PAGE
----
Date of Award
Doctor of Philosophy (PhD)
Bullying is a public health concern, with negative mental health and academic consequences. In response to the prevalence of bullying in our nation’s schools, all 50 states have now enacted anti-bullying legislation. Overall, these mandates include a series of requirements geared toward addressing bullying in school settings and improving overall school climate.
Following this trend of states enacting anti-bullying legislation, the State of Connecticut, the focus of this study, passed PA 11-232, An Act Concerning the Strengthening of School Bullying Laws (Conn. Gen. Stat. § 11-232). This legislation was passed in 2011 and brought forth a series of mandates geared toward addressing bullying and improving school climate. These include the requirements that schools must (1) conduct bullying investigations, (2) establish a school climate committee, (3) develop and implement school climate improvement plans, (4) administer school climate surveys to students, staff, and parents, and (5) appoint school personnel who are responsible for implementing these requirements.
Although the enactment of anti-bullying legislation is indeed laudable, there is a significant dearth in the research examining how anti-bullying legislation is implemented. Nevertheless, the scant research examining the implementation of anti-bullying legislation suggests that factors such as funding, training and professional development, and lack of information play a role in the implementation of these requirements. Yet, despite providing some evidence, many of these studies have not consisted of strong methodological designs. Also, theoretical frameworks have not been used to guide these studies to better understand the processes involved in the implementation process.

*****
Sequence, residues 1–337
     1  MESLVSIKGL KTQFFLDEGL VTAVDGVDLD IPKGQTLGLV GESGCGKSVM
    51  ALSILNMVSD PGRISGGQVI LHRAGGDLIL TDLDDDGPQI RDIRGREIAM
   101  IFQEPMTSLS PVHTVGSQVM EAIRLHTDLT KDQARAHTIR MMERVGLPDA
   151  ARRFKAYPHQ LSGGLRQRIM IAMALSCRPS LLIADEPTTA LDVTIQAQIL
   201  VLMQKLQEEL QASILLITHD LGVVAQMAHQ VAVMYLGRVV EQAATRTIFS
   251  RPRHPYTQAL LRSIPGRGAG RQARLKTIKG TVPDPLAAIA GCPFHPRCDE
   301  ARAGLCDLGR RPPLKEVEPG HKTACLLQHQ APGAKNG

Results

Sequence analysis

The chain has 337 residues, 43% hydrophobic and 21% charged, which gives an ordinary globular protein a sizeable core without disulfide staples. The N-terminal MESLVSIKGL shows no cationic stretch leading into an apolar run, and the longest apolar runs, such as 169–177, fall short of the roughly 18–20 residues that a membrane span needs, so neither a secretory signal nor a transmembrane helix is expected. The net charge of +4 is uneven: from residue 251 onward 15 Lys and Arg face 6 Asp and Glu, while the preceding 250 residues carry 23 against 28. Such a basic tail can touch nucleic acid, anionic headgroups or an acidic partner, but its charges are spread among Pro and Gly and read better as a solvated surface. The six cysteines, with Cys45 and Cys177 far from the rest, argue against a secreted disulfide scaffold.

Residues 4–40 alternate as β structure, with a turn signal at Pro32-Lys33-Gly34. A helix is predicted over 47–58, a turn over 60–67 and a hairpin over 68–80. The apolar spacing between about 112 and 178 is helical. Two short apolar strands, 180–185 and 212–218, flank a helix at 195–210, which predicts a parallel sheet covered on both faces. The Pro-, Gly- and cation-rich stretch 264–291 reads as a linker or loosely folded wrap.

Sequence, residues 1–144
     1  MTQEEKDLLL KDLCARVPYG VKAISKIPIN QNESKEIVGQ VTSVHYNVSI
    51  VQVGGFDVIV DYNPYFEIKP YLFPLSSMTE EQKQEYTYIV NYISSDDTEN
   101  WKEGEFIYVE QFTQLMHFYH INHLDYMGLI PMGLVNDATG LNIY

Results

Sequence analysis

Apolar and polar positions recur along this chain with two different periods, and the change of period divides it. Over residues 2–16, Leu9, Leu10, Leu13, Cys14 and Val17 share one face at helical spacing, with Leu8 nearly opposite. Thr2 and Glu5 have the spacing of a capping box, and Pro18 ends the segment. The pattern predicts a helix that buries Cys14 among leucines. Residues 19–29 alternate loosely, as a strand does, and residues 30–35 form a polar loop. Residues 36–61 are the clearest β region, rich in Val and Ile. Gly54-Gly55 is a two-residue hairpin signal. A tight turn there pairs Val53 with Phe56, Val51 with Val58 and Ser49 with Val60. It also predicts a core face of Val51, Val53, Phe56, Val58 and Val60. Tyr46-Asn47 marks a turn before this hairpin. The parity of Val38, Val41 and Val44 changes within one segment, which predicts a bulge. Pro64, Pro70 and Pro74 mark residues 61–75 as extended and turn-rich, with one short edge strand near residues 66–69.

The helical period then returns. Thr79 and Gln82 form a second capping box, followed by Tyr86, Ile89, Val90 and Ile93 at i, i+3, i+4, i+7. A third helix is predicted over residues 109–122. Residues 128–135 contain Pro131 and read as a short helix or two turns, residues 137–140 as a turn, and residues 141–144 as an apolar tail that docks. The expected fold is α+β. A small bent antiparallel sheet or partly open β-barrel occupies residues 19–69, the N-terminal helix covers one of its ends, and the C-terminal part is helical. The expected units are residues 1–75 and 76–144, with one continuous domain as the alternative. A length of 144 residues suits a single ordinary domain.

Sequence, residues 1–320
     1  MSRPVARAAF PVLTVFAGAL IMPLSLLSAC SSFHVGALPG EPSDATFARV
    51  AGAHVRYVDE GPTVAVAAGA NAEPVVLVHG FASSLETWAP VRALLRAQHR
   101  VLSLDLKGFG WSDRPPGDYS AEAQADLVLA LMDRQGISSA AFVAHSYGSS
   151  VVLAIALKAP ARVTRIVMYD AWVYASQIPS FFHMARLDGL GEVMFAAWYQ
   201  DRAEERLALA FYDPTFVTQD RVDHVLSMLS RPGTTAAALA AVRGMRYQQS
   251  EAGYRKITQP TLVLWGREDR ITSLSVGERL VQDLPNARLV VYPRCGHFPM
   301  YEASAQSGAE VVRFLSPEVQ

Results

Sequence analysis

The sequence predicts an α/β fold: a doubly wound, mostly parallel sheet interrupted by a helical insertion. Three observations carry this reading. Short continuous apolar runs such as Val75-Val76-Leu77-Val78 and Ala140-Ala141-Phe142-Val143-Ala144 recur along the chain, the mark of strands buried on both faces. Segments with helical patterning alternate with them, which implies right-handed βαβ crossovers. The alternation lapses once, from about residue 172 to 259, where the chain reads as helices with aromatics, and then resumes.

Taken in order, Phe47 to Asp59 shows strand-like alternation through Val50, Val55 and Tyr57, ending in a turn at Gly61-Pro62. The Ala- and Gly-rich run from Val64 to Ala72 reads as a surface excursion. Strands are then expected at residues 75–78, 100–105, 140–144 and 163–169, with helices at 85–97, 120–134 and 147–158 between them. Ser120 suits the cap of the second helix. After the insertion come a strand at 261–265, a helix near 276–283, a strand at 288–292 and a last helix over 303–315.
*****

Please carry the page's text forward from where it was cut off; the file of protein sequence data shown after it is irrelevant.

The transformative system change framework (Foster-Fishman, Nowell, and Yang, 2007) was used in the current study to better understand how these policies are implemented. Specifically, this framework elucidates how various system-level components, such as norms, resources (e.g., funding), and regulations (e.g., policies), contribute to implementation. This framework also clarifies how various system components inhibit or facilitate implementation processes yielding a comprehensive understanding of how these policies can be effectively implemented. Thus, this investigation examined two overarching questions: (1) What are the system-level factors that challenge or facilitate the implementation of state-level legislative anti-bullying requirements, and (2) How are system-level factors that challenge and facilitate the implementation of state-level legislative anti-bullying requirements inter-connected?
Semi-structured interviews were conducted with 12 district-level school climate coordinators, and 12 school-level school climate specialists. In addition, a state-wide survey was administered yielding qualitative responses from 137 school districts. Two independent coders analyzed these data using the data analysis strategies outlined by Auerbach and Silverstein (2003).
Data analyses revealed a series of factors that served as barriers and facilitators to the implementation of state anti-bullying requirements. Some of the most noteworthy implementation barriers included a lack of resources such as funding and staff, competing policy priorities, and the complex and confusing way in which these policies are written. Facilitators to implementation included factors such as training and professional development (i.e., human resources) and the interconnections between schools, school districts, and between schools and community based organizations. Finally, this study yields a comprehensive system-level framework that elucidates how respective barriers and facilitators to implementation are interconnected. As states across the nation continue to enact similar legislation, this framework will help to guide the development of state anti-bullying legislation and its implementation.
Martinez, Andrew, "State-Level Anti-Bullying Policy: Toward A System-Level Implementation Framework" (2016). College of Science and Health Theses and Dissertations. 168.